“The MOU and the other collaborative sessions at SCA21 is a reflection of the resolve by the HPC community to continue cooperation as a tool in fighting global challenges like the current pandemic, and to better prepare us to face the challenges to come,” said Associate Professor Tan Tin Wee, the Chairperson of the SCA21 Steering Committee, and the Chief Executive of NSCC. “For Singapore, the new collaboration between CSC and the Singapore entities is significant as it could help future-proof Singapore’s HPC resources by creating new research links and connectivity to Europe, develop better ways to protect the transfer of data over long distances, and helps us explore new ways to create more efficient and greener data centres.”
“We are excited to collaborate with NSCC, SingAREN and NUS in cutting-edge communications technology,” said CSC’s Managing Director Kimmo Koski. “This will enable us in Finland and in Singapore to provide our national research and education networks world-leading capabilities in data transmission and information security. Furthermore, we will be collaborating in developing and sharing new competencies in high-performance computing and operation of green data centres.”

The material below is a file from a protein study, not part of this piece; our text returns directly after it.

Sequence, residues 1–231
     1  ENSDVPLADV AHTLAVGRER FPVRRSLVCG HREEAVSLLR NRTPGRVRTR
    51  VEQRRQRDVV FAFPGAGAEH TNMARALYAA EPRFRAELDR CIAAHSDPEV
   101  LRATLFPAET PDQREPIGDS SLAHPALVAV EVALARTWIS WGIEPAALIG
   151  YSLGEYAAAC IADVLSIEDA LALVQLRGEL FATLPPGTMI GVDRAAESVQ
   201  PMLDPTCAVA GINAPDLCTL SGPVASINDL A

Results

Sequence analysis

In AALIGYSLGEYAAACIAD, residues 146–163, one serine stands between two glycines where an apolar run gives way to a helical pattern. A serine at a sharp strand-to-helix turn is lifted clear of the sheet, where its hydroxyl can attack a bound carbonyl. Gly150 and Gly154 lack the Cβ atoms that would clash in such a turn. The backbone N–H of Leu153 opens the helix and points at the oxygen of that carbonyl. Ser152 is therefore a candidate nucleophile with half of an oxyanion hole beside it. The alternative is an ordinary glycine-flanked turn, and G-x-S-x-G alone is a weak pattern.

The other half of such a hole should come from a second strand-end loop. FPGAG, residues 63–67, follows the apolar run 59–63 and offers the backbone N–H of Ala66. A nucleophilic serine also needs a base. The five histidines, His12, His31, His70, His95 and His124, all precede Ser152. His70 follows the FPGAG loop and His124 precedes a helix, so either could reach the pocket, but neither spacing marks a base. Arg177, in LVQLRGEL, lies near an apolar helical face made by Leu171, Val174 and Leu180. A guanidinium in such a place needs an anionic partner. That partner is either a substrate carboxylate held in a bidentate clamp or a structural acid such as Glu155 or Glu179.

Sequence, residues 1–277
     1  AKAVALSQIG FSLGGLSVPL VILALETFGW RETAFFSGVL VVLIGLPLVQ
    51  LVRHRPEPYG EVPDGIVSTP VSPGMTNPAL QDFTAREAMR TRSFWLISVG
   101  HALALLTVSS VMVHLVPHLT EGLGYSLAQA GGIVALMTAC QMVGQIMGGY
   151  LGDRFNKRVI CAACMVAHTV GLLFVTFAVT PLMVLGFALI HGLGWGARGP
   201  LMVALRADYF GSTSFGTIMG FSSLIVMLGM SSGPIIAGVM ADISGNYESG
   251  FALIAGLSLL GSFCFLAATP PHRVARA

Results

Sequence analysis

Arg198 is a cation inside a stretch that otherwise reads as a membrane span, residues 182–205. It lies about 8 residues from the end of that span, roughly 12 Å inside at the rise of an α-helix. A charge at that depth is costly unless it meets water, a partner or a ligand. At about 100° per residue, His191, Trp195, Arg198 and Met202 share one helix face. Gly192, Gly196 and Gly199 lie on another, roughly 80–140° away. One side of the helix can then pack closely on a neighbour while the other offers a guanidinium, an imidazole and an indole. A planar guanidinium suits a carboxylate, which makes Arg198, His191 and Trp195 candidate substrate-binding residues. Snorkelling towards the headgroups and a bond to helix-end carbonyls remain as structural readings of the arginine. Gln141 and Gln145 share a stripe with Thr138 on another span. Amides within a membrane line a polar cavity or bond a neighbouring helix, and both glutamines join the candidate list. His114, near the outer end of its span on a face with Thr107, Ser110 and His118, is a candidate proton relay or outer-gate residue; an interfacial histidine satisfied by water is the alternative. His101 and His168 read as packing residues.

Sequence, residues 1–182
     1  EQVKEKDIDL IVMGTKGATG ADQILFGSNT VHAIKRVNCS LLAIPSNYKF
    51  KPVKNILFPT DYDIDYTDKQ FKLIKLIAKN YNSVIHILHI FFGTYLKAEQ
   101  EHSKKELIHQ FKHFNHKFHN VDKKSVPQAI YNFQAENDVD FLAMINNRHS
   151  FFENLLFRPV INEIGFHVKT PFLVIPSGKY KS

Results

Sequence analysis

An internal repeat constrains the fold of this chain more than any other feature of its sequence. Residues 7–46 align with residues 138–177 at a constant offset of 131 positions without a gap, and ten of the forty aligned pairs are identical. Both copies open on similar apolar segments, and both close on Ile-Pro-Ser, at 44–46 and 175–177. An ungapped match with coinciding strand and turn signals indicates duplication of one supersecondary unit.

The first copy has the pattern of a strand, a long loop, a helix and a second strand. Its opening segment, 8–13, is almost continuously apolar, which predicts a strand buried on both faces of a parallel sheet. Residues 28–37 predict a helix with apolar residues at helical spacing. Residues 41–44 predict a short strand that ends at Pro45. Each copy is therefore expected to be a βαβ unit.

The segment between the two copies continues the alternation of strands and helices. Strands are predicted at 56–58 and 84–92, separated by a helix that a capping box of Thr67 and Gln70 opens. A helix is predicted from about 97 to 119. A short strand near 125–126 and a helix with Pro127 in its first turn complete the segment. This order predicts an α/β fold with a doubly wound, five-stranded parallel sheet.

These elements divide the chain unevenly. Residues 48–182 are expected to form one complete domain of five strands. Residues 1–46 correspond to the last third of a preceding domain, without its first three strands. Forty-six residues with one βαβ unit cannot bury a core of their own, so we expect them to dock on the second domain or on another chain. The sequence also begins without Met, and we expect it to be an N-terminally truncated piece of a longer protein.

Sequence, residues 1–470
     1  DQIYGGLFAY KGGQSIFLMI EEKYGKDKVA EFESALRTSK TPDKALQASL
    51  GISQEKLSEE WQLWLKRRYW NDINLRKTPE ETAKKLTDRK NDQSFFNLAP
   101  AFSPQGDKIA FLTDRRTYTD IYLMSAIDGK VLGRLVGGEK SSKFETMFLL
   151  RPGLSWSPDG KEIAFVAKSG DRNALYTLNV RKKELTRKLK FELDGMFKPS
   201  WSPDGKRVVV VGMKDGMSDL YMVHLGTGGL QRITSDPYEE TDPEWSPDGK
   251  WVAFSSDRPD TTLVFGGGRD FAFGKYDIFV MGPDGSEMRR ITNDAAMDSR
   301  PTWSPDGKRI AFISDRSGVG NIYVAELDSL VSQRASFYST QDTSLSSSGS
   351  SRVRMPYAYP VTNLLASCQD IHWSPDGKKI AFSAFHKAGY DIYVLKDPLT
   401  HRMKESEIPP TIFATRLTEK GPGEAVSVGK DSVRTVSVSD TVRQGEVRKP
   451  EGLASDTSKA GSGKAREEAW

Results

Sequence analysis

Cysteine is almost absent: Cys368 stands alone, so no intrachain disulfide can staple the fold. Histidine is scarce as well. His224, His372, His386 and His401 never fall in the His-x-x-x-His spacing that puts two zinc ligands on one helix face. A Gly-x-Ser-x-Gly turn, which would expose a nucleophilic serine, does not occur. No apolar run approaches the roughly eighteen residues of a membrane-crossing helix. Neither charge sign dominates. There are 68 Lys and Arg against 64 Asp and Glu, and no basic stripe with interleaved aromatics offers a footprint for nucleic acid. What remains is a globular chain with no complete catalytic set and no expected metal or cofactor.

NSCC had also recently signed an MOU with RIKEN’s Center for Computational Science (RIKEN-CCS) and the Research Organization for Information Science and Technology (RIST) from Japan in September last year. This enabled Singapore researchers to access Japan’s Fugaku, the world’s fastest supercomputer. “Such partnerships not only helps Singapore tap on our partners to build resilience for our national HPC resources in times of adversity but also gives us the opportunity to learn from much more established, and larger HPC centres,” added A/P Tan Tin Wee.